The New Lakers

Obivously, it’s been a few good weeks for the Lakers, including a fairly epic victory over Phoenix a couple of nights ago. Marc Stein suggests that they might now be the top-seeded team in the West, which is saying a lot.

I certainly hope so. But I can’t help thinking that this all could come crashing down at any minute. Pau Gasol has a chronically bad back, which go out on him at any time, and at least could severely affect the mobility that makes him so dangerous. That Kobe Bryant has been shooting so well with a torn ligament on his shooting hand speaks volumes about his competitiveness, but it also means that it is a tempting target for opposition defenders. And who knows when Andrew Bynum will be back at full strength.

Even more disquieting is the fact that Phil Jackson seems content to ride Bryant with too many minutes. Check it out: Kobe has been averaging nearly 40 minutes a game (42 last night in a near-blowout against the Clips). Without what was essentially a night off against Atlanta a few days ago, the totals would go even higher. Kobe is the most competitive player since Jordan (if not his equal in that department) and he is in superb shape, but this is a recipe for him to break down.

Tonight, the Lake Show goes to Seattle on yet another back-to-back. They should win. But these minutes, plus the nagging injuries, are going to take their toll.

Author: Jonathan Zasloff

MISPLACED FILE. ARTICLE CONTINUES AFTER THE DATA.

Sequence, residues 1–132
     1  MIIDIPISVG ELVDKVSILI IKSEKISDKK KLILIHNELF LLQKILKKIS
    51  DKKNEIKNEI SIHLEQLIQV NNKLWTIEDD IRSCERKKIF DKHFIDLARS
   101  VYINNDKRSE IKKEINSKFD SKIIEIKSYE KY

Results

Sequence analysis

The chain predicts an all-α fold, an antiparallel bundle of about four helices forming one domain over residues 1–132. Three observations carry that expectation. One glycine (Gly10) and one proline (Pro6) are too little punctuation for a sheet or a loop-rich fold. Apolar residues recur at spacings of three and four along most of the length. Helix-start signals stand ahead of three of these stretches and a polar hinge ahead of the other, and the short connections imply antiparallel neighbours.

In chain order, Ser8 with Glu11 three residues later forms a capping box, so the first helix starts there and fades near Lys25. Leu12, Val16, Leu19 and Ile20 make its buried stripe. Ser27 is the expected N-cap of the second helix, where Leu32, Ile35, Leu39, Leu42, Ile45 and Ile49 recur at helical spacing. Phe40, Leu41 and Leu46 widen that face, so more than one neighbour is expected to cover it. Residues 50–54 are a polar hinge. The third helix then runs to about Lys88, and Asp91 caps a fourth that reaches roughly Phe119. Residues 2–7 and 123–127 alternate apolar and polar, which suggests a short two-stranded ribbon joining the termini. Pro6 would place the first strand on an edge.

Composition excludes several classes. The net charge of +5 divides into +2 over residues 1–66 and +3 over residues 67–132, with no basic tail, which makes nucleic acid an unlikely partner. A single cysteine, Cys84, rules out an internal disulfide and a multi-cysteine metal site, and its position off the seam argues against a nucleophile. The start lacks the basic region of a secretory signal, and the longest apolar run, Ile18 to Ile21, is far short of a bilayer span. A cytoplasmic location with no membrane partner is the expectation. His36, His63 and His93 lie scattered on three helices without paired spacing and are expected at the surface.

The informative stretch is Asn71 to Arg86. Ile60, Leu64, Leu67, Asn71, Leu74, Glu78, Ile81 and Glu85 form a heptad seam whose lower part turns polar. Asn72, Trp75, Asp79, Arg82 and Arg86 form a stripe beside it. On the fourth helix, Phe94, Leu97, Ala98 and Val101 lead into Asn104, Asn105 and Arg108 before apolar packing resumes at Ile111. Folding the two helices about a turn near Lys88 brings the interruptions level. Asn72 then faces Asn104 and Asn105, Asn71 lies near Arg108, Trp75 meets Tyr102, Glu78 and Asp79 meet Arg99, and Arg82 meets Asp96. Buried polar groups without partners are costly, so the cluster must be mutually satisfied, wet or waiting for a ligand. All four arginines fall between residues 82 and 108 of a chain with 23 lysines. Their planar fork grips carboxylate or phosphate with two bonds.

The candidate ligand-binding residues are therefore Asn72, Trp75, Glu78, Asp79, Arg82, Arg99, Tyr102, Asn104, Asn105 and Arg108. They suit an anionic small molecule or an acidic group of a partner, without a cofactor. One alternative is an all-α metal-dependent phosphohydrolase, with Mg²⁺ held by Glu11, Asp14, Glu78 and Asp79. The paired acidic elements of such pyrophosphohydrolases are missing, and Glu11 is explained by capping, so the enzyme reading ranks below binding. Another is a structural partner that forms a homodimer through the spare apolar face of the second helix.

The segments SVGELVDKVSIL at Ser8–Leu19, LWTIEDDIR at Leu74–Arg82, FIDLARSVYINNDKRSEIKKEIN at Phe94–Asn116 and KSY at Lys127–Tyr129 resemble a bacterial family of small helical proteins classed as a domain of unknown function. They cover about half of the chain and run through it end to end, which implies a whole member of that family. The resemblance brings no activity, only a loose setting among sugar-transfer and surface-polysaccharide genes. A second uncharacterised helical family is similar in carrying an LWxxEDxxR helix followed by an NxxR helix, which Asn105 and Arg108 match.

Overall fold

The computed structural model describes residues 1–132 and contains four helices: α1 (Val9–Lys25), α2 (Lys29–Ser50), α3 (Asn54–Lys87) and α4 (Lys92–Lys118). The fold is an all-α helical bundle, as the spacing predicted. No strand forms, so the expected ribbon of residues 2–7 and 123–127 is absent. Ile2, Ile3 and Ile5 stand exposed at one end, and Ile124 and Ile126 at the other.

Jonathan Zasloff teaches Torts, Land Use, Environmental Law, Comparative Urban Planning Law, Legal History, and Public Policy Clinic - Land Use, the Environment and Local Government. He grew up and still lives in the San Fernando Valley, about which he remains immensely proud (to the mystification of his friends and colleagues). After graduating from Yale Law School, and while clerking for a federal appeals court judge in Boston, he decided to return to Los Angeles shortly after the January 1994 Northridge earthquake, reasoning that he would gladly risk tremors in order to avoid the average New England wind chill temperature of negative 55 degrees. Professor Zasloff has a keen interest in world politics; he holds a PhD in the history of American foreign policy from Harvard and an M.Phil. in International Relations from Cambridge University. Much of his recent work concerns the influence of lawyers and legalism in US external relations, and has published articles on these subjects in the New York University Law Review and the Yale Law Journal. More generally, his recent interests focus on the response of public institutions to social problems, and the role of ideology in framing policy responses. Professor Zasloff has long been active in state and local politics and policy. He recently co-authored an article discussing the relationship of Proposition 13 (California's landmark tax limitation initiative) and school finance reform, and served for several years as a senior policy advisor to the Speaker of California Assembly. His practice background reflects these interests: for two years, he represented welfare recipients attempting to obtain child care benefits and microbusinesses in low income areas. He then practiced for two more years at one of Los Angeles' leading public interest environmental and land use firms, challenging poorly planned development and working to expand the network of the city's urban park system. He currently serves as a member of the boards of the Santa Monica Mountains Conservancy (a state agency charged with purchasing and protecting open space), the Los Angeles Center for Law and Justice (the leading legal service firm for low-income clients in east Los Angeles), and Friends of Israel's Environment. Professor Zasloff's other major activity consists in explaining the Triangle Offense to his very patient wife, Kathy.